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Carbon rights a 'power game'


The climate change talks in Bangkok, Thailand last week was one of the latest international efforts to combat global warming.

Last month, the environment and energy ministers meeting of members of the G-20 intergovernmental forum concluded in Chiba, Japan.

As part of preparations for this year's G8 summit, the meeting reached consensus on a greenhouse gas reduction framework, but failed to agree on specifics. The result could affect Japan's efforts to become a leader in maintaining world climate order.

Greenhouse gas emissions are closely linked to human activities. Developed countries, which have stayed ahead of the rest of the world in industrialization for more than a century, naturally should take the lead in helping our planet "cool down".

In 1997, 175 countries and regions passed the Kyoto Protocol at the third meeting of signatory parties to the UN Framework Agreement on Climate Change, requiring major industrialized countries to fulfill their greenhouse gas emission reduction quotas between 2008 and 2012.

There are many ways to reduce carbon dioxide emissions and the Kyoto Protocol puts them in two categories - "technological reduction" and "marketed reduction".

"Technological reduction" works through technological innovations that raise the efficiency of burning fossil energy sources to cut down greenhouse gas emissions, or developing "renewable energy" to ultimately "replace" fossil fuel, such as using alcohol made from corn to fuel automobiles.

"Marketed reduction" follows the "clean development mechanism" (CDM) and allows countries with technological capabilities to help developing countries reduce harmful emissions by providing technological assistance in return for "carbon dioxide emission rights".

This is a basic trading system that allows a country to trade its emission rights for reduction technology from another country.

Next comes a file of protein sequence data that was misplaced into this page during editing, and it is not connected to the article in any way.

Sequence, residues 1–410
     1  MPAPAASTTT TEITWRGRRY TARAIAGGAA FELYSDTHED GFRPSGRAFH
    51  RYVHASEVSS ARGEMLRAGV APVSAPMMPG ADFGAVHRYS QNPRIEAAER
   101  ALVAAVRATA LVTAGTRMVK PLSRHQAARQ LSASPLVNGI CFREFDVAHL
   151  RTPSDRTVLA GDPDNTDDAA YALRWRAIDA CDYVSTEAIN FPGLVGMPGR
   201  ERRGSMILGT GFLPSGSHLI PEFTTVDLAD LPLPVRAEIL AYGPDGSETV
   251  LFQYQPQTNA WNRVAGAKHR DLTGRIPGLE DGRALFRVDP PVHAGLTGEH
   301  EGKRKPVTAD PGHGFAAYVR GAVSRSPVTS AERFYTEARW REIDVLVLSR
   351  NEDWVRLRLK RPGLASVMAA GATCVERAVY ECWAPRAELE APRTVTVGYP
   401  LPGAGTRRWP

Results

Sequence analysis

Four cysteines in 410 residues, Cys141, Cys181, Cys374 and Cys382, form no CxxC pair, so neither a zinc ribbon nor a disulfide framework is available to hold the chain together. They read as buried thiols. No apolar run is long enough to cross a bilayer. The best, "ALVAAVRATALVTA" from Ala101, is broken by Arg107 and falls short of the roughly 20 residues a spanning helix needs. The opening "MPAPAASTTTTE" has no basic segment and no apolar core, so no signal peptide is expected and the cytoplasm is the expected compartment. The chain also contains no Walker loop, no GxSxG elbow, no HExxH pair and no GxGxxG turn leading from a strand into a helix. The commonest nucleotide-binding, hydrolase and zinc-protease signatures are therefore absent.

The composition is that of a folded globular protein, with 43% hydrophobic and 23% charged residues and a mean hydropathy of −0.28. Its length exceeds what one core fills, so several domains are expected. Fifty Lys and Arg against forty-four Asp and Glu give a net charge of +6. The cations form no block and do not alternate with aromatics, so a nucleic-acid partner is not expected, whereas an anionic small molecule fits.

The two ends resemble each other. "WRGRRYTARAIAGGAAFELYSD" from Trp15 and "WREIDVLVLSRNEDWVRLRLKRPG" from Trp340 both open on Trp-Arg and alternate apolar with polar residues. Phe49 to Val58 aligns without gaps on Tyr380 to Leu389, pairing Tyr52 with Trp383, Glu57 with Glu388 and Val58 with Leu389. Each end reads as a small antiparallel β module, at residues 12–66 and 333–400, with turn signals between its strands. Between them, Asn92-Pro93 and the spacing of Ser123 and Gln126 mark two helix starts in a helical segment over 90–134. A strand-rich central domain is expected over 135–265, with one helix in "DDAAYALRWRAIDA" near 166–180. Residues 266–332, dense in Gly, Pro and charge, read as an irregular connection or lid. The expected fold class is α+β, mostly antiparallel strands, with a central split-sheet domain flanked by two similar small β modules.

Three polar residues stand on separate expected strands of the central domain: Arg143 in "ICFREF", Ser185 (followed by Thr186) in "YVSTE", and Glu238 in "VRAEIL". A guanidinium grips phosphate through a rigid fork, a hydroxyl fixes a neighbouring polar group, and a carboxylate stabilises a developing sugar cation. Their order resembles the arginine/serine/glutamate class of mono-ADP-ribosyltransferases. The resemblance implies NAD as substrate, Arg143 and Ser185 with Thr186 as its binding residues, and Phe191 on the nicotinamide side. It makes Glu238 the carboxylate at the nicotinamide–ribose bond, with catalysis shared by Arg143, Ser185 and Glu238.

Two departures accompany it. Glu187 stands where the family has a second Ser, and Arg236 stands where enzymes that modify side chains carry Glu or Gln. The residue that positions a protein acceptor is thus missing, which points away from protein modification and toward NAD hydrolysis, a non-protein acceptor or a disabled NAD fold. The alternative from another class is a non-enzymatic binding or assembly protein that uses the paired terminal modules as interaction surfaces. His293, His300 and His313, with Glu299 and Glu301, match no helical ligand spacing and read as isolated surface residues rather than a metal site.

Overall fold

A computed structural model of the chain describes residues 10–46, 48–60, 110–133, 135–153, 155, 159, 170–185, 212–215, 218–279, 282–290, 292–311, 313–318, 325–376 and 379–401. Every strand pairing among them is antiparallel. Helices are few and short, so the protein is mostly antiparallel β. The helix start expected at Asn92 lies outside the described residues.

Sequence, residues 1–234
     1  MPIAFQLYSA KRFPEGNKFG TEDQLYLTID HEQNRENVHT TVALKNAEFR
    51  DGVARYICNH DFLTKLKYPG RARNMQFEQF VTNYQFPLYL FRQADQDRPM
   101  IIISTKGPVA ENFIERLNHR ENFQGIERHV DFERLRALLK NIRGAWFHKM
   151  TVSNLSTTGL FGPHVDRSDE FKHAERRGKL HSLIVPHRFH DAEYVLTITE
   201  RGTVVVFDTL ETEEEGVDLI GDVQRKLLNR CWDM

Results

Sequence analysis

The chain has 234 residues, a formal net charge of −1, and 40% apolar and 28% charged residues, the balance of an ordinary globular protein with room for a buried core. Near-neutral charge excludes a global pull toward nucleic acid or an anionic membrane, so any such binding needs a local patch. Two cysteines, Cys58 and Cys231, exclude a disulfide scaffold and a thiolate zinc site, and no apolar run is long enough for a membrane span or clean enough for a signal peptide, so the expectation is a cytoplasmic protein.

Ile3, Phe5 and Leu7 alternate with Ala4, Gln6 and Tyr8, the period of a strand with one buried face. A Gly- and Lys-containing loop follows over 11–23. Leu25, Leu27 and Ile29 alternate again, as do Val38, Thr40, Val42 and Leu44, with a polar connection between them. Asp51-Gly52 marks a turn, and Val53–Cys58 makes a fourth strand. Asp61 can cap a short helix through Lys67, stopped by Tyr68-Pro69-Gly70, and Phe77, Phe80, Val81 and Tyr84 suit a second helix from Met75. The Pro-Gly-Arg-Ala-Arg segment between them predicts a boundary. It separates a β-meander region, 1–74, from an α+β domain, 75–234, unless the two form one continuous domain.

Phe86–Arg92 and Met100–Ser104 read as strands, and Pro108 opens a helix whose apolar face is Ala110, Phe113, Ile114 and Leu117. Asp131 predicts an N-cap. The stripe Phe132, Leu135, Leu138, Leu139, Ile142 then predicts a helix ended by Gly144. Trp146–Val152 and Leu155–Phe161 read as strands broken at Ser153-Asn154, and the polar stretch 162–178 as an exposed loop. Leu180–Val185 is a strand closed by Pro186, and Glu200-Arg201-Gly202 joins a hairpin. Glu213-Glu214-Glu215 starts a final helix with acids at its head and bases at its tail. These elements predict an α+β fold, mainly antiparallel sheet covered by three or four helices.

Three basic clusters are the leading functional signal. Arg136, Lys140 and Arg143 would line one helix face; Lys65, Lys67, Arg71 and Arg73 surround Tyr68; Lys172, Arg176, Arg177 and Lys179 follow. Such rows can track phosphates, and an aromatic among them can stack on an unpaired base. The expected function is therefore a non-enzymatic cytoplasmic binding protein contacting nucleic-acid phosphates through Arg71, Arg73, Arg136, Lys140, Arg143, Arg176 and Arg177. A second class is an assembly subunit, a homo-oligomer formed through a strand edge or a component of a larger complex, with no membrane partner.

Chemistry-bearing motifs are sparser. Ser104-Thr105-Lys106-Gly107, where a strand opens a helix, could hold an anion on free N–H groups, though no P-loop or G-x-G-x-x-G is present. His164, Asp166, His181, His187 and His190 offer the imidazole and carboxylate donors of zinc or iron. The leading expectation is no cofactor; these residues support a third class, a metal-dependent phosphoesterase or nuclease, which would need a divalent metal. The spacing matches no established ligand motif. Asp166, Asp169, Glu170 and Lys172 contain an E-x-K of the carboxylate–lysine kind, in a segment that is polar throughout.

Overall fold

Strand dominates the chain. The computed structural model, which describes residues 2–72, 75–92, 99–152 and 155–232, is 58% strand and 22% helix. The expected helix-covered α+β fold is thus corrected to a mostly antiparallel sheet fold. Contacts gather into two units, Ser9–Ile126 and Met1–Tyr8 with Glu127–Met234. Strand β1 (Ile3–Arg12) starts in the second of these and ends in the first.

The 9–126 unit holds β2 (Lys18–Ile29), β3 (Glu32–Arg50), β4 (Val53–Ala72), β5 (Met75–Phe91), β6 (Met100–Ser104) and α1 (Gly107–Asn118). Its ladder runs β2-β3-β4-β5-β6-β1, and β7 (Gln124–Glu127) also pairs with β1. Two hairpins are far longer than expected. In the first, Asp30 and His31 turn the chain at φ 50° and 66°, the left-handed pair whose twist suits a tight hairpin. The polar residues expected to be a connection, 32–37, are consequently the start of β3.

The EU started the world's first "carbon dioxide emission rights exchange" based on this system in 2005 and exceeded $30 billion in trading value the next year.

Japanese enterprises have been actively trading technology for emission rights with China, India and Southeast Asian countries in recent years. The Japanese government on its part has used its financial reserves to buy emission rights from enterprises holding them.

It has also decided to set up a "carbon (emission) rights fund" with a working capital of almost 2 trillion yen ($20 billion) drawn from foreign trade insurance interest earnings.

The fund will work together with official development assistance (ODA) in emission rights trading to acquire more carbon emission rights. Japan's government-run financial institutions, meanwhile, are busy preparing for the establishment of the "Tokyo Carbon Emission Rights Exchange".


The world order entered a period of "tectonic plate realignment" after the Cold War ended. Developed nations other than the US began using the G8 summit as a platform to vie for a lead role in controlling world order.

After the signing of the Kyoto Protocol in 2005, the first-phase (2008-2012) of carbon emission reduction target will soon have its weight felt worldwide, and the environment will become a new dominating theme in world affairs.